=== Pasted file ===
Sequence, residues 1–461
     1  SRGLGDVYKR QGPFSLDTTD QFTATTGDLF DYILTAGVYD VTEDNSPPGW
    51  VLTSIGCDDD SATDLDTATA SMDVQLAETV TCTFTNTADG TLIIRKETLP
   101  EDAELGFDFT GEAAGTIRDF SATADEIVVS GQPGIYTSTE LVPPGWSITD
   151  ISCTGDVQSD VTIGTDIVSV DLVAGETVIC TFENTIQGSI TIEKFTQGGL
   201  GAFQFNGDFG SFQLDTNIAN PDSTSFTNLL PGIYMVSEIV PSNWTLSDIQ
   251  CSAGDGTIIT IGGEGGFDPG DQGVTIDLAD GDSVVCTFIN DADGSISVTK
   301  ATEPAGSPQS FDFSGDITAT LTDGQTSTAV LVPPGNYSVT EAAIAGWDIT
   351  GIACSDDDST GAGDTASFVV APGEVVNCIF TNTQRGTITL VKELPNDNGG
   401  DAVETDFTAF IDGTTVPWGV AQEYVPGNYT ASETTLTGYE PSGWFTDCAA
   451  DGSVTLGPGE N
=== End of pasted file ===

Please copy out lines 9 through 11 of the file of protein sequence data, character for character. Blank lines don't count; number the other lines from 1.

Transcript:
   351  GIACSDDDST GAGDTASFVV APGEVVNCIF TNTQRGTITL VKELPNDNGG
   401  DAVETDFTAF IDGTTVPWGV AQEYVPGNYT ASETTLTGYE PSGWFTDCAA
   451  DGSVTLGPGE N